To begin, rinse all of your decorations and gravel then fill the aquarium about one half of the way full with water. Slowly and gently drop your gravel to the bottom of the aquarium and smooth it over. Place your decorations where you want them to go and remember to secure them beneath the gravel if they are light enough to float. Fill the Aquarium all the way to the top with water and set up your filtration device. Once you add the lighting to your aquarium it will appear to be ready for your goldfish but it is not.

Nitrogen Cycling

Before you can add goldfish and finish your aquarium you will need to complete one final step. Nitrogen cycling is probably the most important process in setting up a new aquarium. This step allows beneficial bacteria to develop colonies within the aquarium so that the ammonia that is produced by the fishes waste can be converted into nitrites. Additional bacteria colonies need to be developed to convert those nitrites into nitrates. This process can take up to 6 weeks to complete but there are ways to speed up the process by adding ammonia directly to the aquarium. This process is called “fishless cycling”. This should not be done if there are any living organisms such as fish or plants in the aquarium. Use a master test kit to check the chemical levels in the aquarium. If all of the ammonia and nitrite disappear you should have small amounts of nitrate in the water as a result. Also be sure to test the pH of the water to make sure it is entirely safe to add your goldfish.

Goldfish Water Requirements

Since goldfish are coldwater fish no heating is required. Keep a simple adhesive thermometer stuck to the outside of the fish tank so that you can keep track of the water temperature. Goldfish cannot survive in temperatures that drop below 50°F and they do not do well when the temperatures rise above 77°F. Although a goldfish can tolerate a wide range of temperature it will not be able to live in dramatically fluctuating degrees. Goldfish seem to be most active when kept at temperatures between 74°-76°F. Be sure to keep a neutral to slightly acidic pH. Be sure to use master test kit to test your aquarium once every couple of weeks. It should be a part of your routine maintenance as the master test kit will contain all the tools you need to check the levels of pH, ammonia, nitrite and nitrate. This will help you keep safe water levels to raise happy and healthy goldfish.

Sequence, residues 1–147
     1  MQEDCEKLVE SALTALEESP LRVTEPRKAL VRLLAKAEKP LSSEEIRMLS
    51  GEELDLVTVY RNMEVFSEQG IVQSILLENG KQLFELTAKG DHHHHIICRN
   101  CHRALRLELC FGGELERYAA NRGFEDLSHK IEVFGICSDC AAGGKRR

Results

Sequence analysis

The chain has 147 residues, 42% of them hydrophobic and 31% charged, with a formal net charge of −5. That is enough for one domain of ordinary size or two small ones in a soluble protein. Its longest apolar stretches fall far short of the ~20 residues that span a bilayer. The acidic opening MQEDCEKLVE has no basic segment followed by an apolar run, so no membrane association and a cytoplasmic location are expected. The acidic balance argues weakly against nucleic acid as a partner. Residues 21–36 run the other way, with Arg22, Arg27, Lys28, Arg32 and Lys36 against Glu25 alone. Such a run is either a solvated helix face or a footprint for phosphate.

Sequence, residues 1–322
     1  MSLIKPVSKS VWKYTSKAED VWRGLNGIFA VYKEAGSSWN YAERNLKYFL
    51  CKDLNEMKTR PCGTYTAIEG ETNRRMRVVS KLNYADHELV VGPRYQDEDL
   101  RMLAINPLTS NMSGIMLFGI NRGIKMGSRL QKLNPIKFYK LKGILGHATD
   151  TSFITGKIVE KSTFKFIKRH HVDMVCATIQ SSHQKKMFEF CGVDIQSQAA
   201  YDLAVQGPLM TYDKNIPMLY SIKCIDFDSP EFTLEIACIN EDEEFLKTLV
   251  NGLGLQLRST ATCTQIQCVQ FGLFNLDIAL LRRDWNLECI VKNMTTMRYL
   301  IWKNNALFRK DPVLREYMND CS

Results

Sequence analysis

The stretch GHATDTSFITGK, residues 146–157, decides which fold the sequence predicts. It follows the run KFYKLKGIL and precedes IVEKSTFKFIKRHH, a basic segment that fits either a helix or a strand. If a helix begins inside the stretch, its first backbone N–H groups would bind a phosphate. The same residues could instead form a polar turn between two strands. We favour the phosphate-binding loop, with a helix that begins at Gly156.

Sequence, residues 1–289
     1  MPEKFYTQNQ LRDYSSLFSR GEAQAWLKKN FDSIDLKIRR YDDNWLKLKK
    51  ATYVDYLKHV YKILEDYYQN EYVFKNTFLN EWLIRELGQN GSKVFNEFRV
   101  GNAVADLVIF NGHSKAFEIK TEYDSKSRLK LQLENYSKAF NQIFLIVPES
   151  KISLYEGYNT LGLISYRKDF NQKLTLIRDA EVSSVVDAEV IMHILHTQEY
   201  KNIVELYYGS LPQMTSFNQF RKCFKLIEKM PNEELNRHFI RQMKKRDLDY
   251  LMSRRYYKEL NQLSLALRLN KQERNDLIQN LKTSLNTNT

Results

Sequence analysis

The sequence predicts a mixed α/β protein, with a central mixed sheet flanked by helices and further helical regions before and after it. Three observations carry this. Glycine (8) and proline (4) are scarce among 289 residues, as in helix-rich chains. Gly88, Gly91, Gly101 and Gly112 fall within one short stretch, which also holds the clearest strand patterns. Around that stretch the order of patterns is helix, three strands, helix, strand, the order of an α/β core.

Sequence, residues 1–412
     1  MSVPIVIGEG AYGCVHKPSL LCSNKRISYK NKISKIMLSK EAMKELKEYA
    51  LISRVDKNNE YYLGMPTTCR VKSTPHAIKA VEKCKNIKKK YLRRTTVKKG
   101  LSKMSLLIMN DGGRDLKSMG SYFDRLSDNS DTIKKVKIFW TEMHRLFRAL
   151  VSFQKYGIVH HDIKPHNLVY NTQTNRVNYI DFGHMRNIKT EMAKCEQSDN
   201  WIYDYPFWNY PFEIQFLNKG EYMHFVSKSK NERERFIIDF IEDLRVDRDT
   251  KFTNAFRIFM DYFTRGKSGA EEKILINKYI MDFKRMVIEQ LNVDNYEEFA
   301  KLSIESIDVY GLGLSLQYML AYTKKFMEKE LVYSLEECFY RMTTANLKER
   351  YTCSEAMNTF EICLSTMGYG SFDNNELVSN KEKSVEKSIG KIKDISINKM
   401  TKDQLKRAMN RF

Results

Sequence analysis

Different types of Goldfish

Educate yourself on all the different species of goldfish before deciding which types you would like to raise. There are many different varieties to choose from and only so much space in which to house them. Since goldfish are a cold water species and they tend to produce a lot of waste they will require more water volume per fish. Be sure to plan ahead to accommodate mature, adult fish. Aquarium retail stores and websites usually sell young specimens because the joy of the hobby is watching your pets develop and grow. Something like a common goldfish or a comet goldfish would do well as a young fish in a 20 gallon aquarium but it would not take long for these fish to outgrow that fish tank. These quick swimming goldfish varieties are rambunctious and would not do well with a clumsy, slow moving pearl scale goldfish. It would probably be best to raise common and comet goldfish in a pond where they can have enough room to move freely. If you want to find out more information about the different types of goldfish you can go to your local aquarium retail store and talk to a knowledgeable employee or check out this article: /articles/before-buy-goldfish.

These are just a few things to think about when starting a goldfish aquarium.

Aquarium with plenty of free swimming space and a few low plantsGoldfish Aquarium, picture 1

This fantail goldfish stands out against the neutral colored gravelGoldfish Aquarium, picture 2

Comet feeders that were never eaten are now pet goldfishGoldfish Aquarium, picture 3

Other reading about Goldfish within Aqua-Fish.Net